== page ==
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The Techsauce Global Summit is a leading tech and startup conference with an estimated 20,000 attendees made up of investors, startups, speakers, sponsors, exhibitors, media and general delegates. Techsauce is held at the Centara Grand at CentralWorld in Bangkok.

There are warmth and friendliness to the summit, something that is befitting of Thailand, which has a very welcoming culture in general. However, I left Techsauce with the sense that Thailand has never been more welcoming as a tech startup ecosystem. Initiatives driven by the Thai government put tech at the forefront of an already diverse economy and foreign investment from the likes of Alibaba and Tencent help to accelerate growth.

Core themes from the conference included a palpable and yet accepted fear about complexities resulting from the trade war. Crystal ball panel discussions about the world in 2025 and beyond talked about splinternet, a word used to describe how governments may fence off the World Wide Web based on national and technological interests. And of course the importance of 5G, and why it is not just another “G”, but rather a way to reduce costs, boost efficiency and power Industry 4.0. Finally, there was a not so subtle theme highlighting the benefit of being snapped up by Chinese titans, as a strategy for lowering customer acquisition costs.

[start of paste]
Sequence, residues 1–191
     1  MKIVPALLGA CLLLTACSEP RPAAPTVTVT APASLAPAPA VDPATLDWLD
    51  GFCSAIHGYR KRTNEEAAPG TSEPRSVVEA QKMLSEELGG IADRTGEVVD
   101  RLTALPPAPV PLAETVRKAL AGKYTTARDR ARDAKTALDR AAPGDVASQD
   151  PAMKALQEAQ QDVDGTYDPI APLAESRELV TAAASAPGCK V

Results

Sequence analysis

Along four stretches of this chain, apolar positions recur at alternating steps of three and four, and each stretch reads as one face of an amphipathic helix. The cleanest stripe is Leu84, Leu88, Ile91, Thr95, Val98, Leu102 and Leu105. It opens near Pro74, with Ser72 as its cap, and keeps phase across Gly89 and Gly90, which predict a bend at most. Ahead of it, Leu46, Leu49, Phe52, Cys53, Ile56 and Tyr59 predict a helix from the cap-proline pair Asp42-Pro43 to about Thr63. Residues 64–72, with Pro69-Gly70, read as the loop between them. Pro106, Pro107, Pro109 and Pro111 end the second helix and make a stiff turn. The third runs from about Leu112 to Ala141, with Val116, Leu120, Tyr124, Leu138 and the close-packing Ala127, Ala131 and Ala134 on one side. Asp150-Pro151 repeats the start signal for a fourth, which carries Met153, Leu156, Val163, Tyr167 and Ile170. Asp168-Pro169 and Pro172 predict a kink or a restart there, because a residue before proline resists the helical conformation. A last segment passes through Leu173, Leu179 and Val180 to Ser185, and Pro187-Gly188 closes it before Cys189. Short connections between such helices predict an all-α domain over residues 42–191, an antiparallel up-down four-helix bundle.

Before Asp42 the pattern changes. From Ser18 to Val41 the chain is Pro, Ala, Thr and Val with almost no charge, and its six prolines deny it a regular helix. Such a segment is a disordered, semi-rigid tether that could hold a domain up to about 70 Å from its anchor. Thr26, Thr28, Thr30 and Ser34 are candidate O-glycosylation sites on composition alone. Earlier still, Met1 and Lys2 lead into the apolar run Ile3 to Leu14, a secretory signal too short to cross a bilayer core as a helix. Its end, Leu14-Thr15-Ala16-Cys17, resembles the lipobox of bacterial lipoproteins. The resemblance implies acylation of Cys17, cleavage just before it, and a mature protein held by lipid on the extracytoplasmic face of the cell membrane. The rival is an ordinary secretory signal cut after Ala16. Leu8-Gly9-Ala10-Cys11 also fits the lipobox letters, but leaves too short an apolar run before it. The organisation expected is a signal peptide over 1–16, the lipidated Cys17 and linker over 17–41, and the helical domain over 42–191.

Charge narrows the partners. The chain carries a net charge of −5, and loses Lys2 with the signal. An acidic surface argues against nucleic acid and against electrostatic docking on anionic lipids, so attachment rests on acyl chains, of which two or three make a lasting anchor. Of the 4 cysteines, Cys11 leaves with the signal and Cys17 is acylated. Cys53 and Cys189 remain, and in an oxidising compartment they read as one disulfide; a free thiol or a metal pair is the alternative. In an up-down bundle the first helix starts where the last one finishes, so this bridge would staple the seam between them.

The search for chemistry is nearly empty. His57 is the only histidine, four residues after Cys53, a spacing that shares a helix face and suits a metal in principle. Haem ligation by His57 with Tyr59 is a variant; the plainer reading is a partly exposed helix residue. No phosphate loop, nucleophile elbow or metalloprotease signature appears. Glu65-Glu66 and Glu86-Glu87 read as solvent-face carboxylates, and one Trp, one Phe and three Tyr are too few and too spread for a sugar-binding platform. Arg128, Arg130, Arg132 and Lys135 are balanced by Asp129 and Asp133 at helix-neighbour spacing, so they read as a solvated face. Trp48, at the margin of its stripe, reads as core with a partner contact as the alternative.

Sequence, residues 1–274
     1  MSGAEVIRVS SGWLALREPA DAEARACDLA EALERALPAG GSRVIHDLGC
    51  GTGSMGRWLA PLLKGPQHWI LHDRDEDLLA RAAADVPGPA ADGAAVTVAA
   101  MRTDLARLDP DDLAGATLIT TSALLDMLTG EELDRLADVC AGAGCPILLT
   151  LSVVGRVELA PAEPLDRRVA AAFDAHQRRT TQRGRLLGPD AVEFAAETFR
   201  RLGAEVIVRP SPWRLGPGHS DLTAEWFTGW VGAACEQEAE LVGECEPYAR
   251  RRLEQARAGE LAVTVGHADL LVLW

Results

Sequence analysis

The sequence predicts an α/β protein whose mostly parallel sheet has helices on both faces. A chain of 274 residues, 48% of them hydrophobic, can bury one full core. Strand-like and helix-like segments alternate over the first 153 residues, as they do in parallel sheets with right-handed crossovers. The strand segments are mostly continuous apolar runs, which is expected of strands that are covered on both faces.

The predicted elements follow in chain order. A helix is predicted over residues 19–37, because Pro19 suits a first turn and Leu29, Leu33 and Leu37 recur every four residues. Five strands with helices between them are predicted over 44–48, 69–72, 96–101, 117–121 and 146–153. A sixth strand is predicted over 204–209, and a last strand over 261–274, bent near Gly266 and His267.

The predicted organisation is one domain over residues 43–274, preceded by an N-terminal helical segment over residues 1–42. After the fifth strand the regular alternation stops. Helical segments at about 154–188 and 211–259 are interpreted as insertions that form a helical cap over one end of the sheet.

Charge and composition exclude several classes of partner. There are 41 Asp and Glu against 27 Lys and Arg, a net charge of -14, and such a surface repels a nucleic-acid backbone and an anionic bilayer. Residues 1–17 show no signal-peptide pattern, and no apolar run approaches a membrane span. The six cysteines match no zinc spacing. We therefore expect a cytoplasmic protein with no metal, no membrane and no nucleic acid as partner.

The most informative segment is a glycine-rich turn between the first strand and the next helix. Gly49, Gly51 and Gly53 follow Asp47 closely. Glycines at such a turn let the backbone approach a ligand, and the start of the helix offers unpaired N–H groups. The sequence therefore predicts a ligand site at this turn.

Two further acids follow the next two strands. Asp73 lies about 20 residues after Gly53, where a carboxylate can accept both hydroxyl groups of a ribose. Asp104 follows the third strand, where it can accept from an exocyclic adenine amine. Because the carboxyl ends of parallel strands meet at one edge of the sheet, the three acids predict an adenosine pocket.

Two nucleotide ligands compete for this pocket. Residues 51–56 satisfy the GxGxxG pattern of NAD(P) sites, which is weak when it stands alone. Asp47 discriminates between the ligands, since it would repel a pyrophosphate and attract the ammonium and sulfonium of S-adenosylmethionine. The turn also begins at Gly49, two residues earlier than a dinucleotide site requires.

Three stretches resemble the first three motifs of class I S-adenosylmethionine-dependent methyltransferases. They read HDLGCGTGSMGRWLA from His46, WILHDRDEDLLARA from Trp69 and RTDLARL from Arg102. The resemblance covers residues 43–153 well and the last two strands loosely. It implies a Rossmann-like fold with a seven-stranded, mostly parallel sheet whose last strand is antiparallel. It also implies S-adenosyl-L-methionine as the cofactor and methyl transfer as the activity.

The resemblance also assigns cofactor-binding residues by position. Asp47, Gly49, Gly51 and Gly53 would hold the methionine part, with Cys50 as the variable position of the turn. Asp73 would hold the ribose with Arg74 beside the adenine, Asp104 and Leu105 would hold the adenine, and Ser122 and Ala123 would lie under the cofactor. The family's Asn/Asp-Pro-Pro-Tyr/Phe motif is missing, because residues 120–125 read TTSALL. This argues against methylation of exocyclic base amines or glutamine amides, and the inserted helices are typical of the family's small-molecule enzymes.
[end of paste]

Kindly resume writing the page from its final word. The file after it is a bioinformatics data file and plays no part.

With only 2.5 days in Bangkok, every second counted, which necessitated breakfast meetings, coffee catch-ups and dinners with new and old friends. The event has provided Re-Hub with lots of actionable ideas and the potential for partnerships across Southeast Asia. My observation of Techsauce is that it is high-calibre; it attracts movers and shakers and feels like a significant national event that has the potential to become a truly regional event in the Singapore-sense. There is a heavy Thai focus, which is useful for those looking to learn about Thai business culture and to expand in the Thai market. If I offered a gripe, it would be that the event did not attract many delegates from established brands.

In years gone by, Japanese automotive companies invested in Thai manufacturing. Now, Chinese companies are making strategic plays in Thailand (and broader Southeast Asia). On top of this, Thailand is a top destination for Chinese tourists, the abundance of Alipay and WeChat payment options are certainly evidence of the importance of Chinese tourism and money in Thailand.

Thailand has the second-largest ASEAN economy, and of course, it has the age-old natural advantage derived from its central geographical location. With a population of nearly 70 million, 57 million internet users and a market with local talent and one that attracts digital nomads the Thai tech startup ecosystem will continue to smile and perhaps it won’t be long before the first elusive and internationally recognized Unicorn is celebrated.

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